Corrosive Environment. Requirements for corrosive environments first appeared in Section 680.14 in the 2017 Code . The first part of 680.14 had essentially defined a corrosive environment. A definition was created in Section 680.2 for the 2020 Code . For this cycle, the definition was revised for its relocation to Article 100.

Exposure to pool chemicals can cause corrosion of electrical equipment. This definition was originally created to provide a better description of the areas where corrosion is likely. It was revised to clarify that only areas or enclosures with the presence of chemicals and without adequate ventilation are considered corrosive environments. No criteria is provided on the distance from a pool or associated equipment. There are two criteria for a corrosive environment: Corrosive chemicals are stored, handled or dispensed, and there is inadequate ventilation. The definition’s title applies it to swimming pools, fountains and similar installations.

Counter (Countertop). A new definition was added for counter (countertop) to distinguish it from other work surfaces. Section 406.5 on receptacle mounting has subsections addressing requirements for receptacles in countertops and other work surfaces. Section 406.5(E) requires receptacles installed on countertops to be listed for countertop applications. If GFCI protection is required, the receptacles are permitted to be listed as GFCI receptacle assemblies for countertop assemblies. Section 406.5(F) permits receptacles listed for work surface or countertop applications to be installed in work surfaces.

Section 406.5(G)(1) prohibits receptacles from being installed in a face-up position. This prohibition is intended to prevent spilled liquids and other debris from entering the receptacle.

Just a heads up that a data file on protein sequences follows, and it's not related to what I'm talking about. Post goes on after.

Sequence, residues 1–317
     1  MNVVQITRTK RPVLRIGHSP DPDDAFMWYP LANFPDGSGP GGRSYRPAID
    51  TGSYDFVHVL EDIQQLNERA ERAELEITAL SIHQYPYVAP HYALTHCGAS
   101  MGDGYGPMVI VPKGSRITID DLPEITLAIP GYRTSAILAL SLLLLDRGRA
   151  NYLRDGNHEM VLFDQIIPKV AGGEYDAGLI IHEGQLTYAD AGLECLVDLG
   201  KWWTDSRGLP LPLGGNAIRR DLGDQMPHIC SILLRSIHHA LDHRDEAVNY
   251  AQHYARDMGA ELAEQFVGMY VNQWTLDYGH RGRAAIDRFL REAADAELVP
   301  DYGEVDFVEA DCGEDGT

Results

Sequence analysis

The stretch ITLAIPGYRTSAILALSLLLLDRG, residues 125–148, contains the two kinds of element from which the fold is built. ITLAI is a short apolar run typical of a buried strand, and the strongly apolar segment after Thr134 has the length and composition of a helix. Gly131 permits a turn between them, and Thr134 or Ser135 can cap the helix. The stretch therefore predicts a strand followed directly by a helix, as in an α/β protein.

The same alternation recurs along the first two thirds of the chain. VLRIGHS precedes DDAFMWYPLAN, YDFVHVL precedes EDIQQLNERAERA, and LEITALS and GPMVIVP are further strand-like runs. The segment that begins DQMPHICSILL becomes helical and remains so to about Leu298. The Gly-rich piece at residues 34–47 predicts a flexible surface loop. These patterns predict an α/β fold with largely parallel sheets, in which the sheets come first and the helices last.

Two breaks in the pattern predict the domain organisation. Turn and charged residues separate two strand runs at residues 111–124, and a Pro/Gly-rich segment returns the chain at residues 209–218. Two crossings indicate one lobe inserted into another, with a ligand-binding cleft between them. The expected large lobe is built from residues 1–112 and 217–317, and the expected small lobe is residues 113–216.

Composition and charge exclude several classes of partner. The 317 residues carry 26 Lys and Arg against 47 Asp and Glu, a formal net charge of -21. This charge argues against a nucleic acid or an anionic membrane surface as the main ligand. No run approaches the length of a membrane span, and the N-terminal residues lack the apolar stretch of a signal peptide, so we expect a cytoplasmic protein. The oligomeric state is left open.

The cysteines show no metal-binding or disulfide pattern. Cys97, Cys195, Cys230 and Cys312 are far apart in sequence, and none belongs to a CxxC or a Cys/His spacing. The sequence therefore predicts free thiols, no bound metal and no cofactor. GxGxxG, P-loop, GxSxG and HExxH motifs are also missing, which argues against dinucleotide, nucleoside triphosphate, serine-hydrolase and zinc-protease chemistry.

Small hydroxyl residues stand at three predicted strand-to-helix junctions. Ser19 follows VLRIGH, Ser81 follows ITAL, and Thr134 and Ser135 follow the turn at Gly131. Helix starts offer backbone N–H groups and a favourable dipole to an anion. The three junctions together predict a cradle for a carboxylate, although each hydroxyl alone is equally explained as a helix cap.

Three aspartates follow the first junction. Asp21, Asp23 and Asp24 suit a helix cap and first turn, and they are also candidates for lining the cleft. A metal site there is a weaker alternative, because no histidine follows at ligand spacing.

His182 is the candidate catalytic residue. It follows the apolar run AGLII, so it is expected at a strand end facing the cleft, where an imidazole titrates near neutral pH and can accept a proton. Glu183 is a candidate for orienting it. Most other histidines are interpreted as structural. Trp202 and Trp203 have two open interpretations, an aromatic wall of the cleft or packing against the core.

Equipotential Plane. Article 100 will have two definitions for equipotential plane. The first will be under the jurisdiction of CMP 7 and will apply to “conductive elements that are connected together to minimize voltage differences.” The second definition will be for “natural and artificially made bodies of water,” and will only apply to Article 682. It will apply to the reduction of voltage gradients in a designated area. As of this writing, the correlating committee has not met, so it is possible a single definition will result.

Fault Managed Power. This definition is one of the keys to understanding new Article 726, Class 4 Power Systems, which are packet energy transfer systems that can supply up to 450V DC line-to-line or 225V DC line-to-ground. They are also referred to as digital electricity, pulsed power, smart transfer systems and fault managed power systems.

Fault managed power systems require an electronic handshake between the Class 4 transmitter and the powered device for it to operate. Faults will result in immediate termination of power. Class 4 systems are not the same as power over ethernet, which operates on Class 2 circuits.

Class 4 differs from Class 2 and 3 power-limited sources. Class 4 equipment uses circuitry and software to provide fault protection. It does not limit the source’s power output, but does limit the energy and power to fault conditions through continuous monitoring.

Combustible Fibers/Flyings. This new definition was extracted from NFPA 499, Recommended Practice for the Classification of Combustible Dusts and of Hazardous (Classified) Locations for Electrical Installations in Chemical Process Areas, which previously only covered dusts, but now also covers combustible fibers and flyings.

NFPA 499 contains annex material to the definition. It points out that fibers/flyings with any dimension greater than 500 micrometers in nominal size, which are not likely to be in suspension in quantities to produce an explosible mixture, could still be an ignitible layer fire hazard. (Combustible dusts are “solid particles that are 500 micrometers or smaller that can form an explosible mixture when suspended in air at standard atmospheric pressure and temperature.”)

About The Author

EARLEY, P.E., is an electrical engineer. Retired from the National Fire Protection Association, he was secretary of the National Electrical Code Committee for 30 years and is president of Alumni Code Consulting Group.